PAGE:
Image analysis is already being used to scan Pap smears, increasing accuracy in detecting cancer cells. Several research groups are developing software to similarly analyze mammograms. Andrew Francis Laine, a professor of computer and information sciences and engineering at the University of Florida in Gainesville, is developing one such system. "Mammograms are acquired through a digital detector and stored in a computer. We then take a digital image matrix and decompose it into more fundamental components," he says. "Essentially we rip the image apart and glue it back together again. The hope is that by breaking the image down, finer details emerge."

Image analysis is entering a new niche in the drug-approval process. In March 1996, Kathryn C. Zoon, director of FDA's Center for Biologics Evaluation and Research, published the Computer Assisted Product License Application Guidance Manual, which instructs drug developers on how to submit computerized image analysis clinical trial data. Bio-Imaging Technologies helps companies seeking FDA approval digitize medical scan data and analyze the images in three dimensions.

Image analysis not only speeds evaluation of results, but also can reveal more information than can traditional clinical endpoints such as assessment of patient survival, or two-dimensional analyses of a tumor's greatest diameter. "What's changed is [FDA's consideration of] rigorous assessment of the volume of a tumor after intervention, when compared to the tumor at baseline before treatment. We find that this correlates well to survival," says James Conklin, founder and chief scientific officer of Bio-Imaging Technologies.

And image analysis has value beyond tracking tumor shrinkage. "It can apply to the volume of strokes, and to the sizes of multiple sclerosis plaques. Any disease process that you can observe through imaging technology can be investigated with image-processing tools," Conklin adds.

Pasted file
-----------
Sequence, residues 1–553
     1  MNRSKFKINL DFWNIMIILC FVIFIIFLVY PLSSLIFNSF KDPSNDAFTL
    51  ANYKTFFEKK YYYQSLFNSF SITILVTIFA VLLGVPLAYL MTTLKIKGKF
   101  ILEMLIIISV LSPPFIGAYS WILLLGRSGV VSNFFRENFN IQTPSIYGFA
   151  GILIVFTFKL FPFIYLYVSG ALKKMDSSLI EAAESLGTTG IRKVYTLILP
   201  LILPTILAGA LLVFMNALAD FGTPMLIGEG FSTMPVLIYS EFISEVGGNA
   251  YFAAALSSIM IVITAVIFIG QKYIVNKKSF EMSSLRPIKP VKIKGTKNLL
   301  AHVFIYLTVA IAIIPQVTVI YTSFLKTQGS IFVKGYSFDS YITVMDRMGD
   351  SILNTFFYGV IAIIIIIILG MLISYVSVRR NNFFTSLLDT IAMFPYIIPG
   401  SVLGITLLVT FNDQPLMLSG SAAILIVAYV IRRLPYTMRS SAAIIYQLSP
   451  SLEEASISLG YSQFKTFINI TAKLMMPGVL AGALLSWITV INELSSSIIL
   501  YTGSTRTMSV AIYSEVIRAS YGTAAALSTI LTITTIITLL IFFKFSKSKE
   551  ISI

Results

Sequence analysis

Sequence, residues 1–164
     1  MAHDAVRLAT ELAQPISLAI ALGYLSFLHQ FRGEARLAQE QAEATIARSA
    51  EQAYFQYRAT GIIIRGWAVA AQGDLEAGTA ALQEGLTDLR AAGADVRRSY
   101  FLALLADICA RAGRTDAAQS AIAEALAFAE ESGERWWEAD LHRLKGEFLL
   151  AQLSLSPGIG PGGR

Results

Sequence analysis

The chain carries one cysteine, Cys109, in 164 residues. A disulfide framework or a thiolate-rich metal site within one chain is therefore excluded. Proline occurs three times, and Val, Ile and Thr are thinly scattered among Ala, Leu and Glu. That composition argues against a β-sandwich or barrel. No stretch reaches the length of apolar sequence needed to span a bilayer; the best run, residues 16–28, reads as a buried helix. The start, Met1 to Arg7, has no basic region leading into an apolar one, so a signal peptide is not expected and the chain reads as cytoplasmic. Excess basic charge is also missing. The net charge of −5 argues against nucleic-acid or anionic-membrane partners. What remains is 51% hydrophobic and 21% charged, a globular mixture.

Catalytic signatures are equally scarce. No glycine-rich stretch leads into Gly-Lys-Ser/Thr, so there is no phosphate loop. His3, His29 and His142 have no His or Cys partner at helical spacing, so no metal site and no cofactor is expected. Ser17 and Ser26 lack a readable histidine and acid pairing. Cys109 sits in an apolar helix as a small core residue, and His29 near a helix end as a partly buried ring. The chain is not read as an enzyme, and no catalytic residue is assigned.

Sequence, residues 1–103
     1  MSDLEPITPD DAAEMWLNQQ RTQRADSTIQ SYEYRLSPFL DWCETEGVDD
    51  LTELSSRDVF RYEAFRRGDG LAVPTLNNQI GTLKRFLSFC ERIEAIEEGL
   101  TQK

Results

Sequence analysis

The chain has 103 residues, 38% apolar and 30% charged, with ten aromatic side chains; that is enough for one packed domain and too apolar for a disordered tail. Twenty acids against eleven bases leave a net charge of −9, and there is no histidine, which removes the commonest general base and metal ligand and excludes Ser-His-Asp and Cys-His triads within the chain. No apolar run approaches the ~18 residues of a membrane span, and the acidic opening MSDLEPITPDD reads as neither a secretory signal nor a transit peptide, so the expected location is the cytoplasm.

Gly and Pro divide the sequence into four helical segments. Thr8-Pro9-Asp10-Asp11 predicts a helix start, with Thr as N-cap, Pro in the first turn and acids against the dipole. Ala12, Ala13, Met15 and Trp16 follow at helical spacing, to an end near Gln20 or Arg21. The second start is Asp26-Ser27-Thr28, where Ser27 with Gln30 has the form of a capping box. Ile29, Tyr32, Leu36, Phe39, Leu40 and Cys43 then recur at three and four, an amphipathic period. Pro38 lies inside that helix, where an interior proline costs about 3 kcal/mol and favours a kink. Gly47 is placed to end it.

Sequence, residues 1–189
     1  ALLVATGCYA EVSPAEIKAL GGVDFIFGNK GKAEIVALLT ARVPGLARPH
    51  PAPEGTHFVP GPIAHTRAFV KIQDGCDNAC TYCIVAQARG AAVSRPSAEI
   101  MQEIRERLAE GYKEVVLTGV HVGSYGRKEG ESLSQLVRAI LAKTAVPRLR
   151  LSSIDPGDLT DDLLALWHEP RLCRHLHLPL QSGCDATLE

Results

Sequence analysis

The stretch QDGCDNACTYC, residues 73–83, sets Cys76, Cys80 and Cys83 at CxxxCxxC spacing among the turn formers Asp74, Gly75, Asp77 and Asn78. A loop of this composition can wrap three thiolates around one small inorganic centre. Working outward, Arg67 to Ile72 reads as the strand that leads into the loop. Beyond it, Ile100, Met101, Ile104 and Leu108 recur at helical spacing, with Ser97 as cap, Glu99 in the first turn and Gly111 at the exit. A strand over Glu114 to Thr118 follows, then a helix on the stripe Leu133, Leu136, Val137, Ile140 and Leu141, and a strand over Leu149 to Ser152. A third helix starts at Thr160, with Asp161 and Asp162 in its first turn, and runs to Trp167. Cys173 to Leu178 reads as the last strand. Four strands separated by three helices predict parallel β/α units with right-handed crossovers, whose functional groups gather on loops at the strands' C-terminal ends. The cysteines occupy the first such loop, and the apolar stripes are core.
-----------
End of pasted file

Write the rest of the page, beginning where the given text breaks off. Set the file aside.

Finally, image analysis may revolutionize the learning laboratory, according to Robert Blystone, a professor of biology at Trinity University in San Antonio, Texas, who teaches microscopic anatomy. In 1991, under a National Science Foundation Instrumentation for Laboratory Instruction grant, Blystone assembled a digital-imaging workstation for his students, for less than $10,000.

"I purchased two Macintosh 2ci computers, I dropped a frame grabber in, put a digital camera on top of a Nikon or Zeiss microscope, and a student could frame-grab anything he or she could see under the microscope to the computer," he says. Blystone then networked several stations to each other, to the campus computer, and to his students' computers. "They can capture, store, and call up images in their dorm rooms. I can assign microscope homework!" he declares.

Blystone lists what image analysis allows his students to do-measure the angles of bronchi in cats to reveal the mechanical principles underlying anatomy and physiology; manipulate 3-D reconstructions of organs; even morph a chick through development. "What makes this different is that traditional microscopy provides a primarily 2-D image that is static in time. I am able to work in three or four dimensions, and it is interactive and more quantitative," he says.

With prices down and ease of use and choice of products up, it's clear that image analysis will become an increasingly important tool in many life science and biomedical laboratories. Blystone, in summarizing the value of image analysis in his teaching, succinctly pinpoints the technique's value in diverse fields: "Suddenly, computer-assisted image analysis reveals something more."


Ricki Lewis, a freelance science writer based in Scotia, N.Y., is the author of several biology textbooks. She is online at 76715.3517@compuserve.com.